Dashboards vs. Scorecards: Technical Hair Splitting?

Years ago my Communications 101 professor told us in class that we should care about the proper definition of words and use words properly “lest we confuse the people who actually do know the difference.”   Sage advice, of course, and also tricky to implement in real life since many words represent something specific to experts and aficionados, while they are mere buzzwords to everyone else.

So, why should we care whether we call something a “dashboard” or a “scorecard?” After all, they both use visual gadgets and graphs, don’t they?  Both provide information about what’s going on in the business, right?  In my experience, most end users really don’t care about the difference in nomenclature: what matters to them is whether the information they get enables profitable business decisions.

Yet, there is a critical difference we need to ferret out during requirements gathering: are we measuring performance or are we monitoring progress?  Measuring performance simply means keeping track of things – like fuel consumption or engine temperature in a car.  Monitoring progress implies that some thresholds and goals have been established: when the needle on the gas gauge nears “Empty” we need to start looking for a gas station.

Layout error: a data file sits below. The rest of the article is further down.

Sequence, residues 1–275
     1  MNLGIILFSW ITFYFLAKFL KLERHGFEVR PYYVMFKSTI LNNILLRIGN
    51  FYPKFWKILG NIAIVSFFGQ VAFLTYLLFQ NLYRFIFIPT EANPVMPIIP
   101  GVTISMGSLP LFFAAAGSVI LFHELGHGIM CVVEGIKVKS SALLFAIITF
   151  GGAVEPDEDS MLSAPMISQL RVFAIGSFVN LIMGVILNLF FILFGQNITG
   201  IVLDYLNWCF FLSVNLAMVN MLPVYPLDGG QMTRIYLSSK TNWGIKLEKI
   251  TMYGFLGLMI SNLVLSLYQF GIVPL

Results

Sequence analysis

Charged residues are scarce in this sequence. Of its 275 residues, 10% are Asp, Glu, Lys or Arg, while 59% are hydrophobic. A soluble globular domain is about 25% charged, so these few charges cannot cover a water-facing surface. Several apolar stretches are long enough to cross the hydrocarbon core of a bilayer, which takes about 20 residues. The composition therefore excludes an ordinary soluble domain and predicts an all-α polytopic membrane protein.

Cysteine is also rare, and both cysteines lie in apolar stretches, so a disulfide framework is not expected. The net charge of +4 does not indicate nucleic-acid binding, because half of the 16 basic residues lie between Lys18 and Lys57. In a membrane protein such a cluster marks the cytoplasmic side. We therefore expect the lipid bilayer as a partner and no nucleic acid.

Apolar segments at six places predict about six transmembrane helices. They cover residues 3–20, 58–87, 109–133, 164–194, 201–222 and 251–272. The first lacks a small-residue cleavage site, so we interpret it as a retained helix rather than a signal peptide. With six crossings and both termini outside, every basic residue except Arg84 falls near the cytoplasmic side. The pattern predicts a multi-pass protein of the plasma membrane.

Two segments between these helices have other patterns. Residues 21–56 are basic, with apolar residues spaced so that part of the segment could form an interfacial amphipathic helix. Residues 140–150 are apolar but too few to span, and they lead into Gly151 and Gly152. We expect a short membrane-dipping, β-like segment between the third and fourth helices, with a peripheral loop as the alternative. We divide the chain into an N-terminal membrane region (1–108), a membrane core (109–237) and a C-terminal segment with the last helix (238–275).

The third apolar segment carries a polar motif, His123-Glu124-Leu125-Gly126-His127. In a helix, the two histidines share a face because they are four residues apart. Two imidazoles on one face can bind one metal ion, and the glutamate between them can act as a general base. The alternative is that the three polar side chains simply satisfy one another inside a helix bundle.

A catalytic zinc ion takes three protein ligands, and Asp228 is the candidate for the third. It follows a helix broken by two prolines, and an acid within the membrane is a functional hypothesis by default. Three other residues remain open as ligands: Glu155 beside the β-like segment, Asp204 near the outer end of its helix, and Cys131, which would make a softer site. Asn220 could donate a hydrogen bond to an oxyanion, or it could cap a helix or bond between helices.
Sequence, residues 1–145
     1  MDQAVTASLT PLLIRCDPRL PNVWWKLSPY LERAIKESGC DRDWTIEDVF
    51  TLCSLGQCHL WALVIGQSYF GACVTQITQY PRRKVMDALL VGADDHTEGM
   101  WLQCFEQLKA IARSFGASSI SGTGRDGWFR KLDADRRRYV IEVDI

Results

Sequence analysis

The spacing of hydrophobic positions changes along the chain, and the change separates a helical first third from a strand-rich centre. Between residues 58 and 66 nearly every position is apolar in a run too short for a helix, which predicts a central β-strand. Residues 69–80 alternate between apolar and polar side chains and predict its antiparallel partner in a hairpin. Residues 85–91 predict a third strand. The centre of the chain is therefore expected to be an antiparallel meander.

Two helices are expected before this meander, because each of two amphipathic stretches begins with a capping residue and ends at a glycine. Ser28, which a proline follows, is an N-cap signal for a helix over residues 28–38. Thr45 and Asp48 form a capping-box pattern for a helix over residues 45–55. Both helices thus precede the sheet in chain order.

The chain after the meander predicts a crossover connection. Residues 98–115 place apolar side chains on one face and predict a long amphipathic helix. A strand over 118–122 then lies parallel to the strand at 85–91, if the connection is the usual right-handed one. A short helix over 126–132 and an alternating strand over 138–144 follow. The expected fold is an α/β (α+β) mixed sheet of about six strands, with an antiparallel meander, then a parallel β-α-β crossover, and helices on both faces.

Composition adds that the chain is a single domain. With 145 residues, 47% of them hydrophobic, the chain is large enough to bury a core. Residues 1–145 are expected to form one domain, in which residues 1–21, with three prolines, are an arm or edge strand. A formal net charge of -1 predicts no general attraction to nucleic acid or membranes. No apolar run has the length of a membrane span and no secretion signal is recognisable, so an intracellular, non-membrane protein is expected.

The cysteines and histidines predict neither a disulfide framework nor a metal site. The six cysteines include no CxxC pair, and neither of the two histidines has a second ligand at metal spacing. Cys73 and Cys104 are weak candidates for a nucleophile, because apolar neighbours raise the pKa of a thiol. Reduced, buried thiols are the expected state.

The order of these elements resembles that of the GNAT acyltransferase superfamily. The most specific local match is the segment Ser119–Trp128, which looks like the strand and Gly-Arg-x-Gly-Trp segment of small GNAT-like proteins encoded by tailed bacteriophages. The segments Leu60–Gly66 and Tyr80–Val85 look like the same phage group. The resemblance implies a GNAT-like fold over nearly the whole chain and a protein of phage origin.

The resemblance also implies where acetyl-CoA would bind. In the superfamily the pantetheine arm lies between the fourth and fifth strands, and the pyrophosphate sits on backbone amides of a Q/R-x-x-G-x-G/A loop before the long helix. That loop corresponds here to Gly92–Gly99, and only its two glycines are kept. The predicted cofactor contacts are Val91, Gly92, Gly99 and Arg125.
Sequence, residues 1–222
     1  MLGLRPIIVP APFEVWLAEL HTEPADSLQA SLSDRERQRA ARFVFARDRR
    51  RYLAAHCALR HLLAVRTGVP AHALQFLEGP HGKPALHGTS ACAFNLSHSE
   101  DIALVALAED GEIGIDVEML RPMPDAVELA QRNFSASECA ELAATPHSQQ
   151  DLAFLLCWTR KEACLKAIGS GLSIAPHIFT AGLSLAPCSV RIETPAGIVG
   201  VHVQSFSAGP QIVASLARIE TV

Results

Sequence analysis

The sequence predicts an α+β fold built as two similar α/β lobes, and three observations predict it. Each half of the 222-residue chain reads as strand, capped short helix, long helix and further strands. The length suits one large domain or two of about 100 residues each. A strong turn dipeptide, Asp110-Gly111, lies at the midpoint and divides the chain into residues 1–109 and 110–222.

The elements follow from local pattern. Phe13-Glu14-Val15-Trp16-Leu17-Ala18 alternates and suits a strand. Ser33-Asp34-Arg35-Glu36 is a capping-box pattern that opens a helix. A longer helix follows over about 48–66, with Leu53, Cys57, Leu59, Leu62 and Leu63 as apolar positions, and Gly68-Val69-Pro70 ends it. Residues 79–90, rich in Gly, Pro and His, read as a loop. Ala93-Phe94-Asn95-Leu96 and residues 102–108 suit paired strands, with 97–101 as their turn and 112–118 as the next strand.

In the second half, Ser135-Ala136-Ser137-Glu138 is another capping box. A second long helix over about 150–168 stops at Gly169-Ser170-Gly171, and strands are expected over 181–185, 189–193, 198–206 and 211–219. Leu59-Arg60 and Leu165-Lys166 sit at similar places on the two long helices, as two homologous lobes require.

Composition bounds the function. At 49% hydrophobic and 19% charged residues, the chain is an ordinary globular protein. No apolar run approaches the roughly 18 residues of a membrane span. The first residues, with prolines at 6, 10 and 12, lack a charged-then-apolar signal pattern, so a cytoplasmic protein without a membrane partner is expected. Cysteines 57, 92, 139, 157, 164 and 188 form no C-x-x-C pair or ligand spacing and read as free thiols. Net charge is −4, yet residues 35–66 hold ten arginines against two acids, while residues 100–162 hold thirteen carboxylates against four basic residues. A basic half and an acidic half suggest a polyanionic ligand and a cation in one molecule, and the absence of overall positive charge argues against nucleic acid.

Ergo, the critical difference is this: measuring things just provides information – what we do with that information is open to interpretation.  Unlike progress monitoring, measuring things doesn’t tell us when to do something nor does it provide information on what needs to get done.   In order to measure progress, though, we have to set goals and determine acceptable performance standards – in essence, we have to figure out what needs to get done and when to do it.  To stick with the car dash metaphor: someone has to determine how low the gasoline level can sink before the “fuel empty” warning light turns on.

Much has been written about scorecards and dashboards and their respective differences.  As a practical matter, I like this short hand definition from Wayne Eckerson, formerly the director of research and services at the Data Warehousing Institute (TDWI):

Dashboard Scorecard
Purpose Measures performance Charts progress
Users Managers, staff Executives, managers, staff
Updates Real-time to right-time Periodic snapshots
Data Events Summaries
Top-Level Display Charts and tables Symbols and icons

This chart provides a good starting point from which to explore requirements.  Often a dashboard becomes the starting point for a scorecard: while building a dashboard, the organization discusses what needs to be measured and how.  With measurements in place it’s now easier to set thresholds and develop SMART goals for a scorecard.

So, does it matter whether we call something a “dashboard” or a “scorecard”?  Yes – but not as much as one might think.  What matters more is that everyone is on the same page about the main purpose of the tool: are we measuring performance or are we monitoring progress?

Comments are closed.